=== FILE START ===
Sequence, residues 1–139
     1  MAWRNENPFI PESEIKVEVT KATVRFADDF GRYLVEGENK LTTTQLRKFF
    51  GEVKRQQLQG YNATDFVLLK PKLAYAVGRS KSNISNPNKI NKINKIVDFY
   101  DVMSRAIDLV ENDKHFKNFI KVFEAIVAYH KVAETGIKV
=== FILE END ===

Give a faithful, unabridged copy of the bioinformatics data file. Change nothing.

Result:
Sequence, residues 1–139
     1  MAWRNENPFI PESEIKVEVT KATVRFADDF GRYLVEGENK LTTTQLRKFF
    51  GEVKRQQLQG YNATDFVLLK PKLAYAVGRS KSNISNPNKI NKINKIVDFY
   101  DVMSRAIDLV ENDKHFKNFI KVFEAIVAYH KVAETGIKV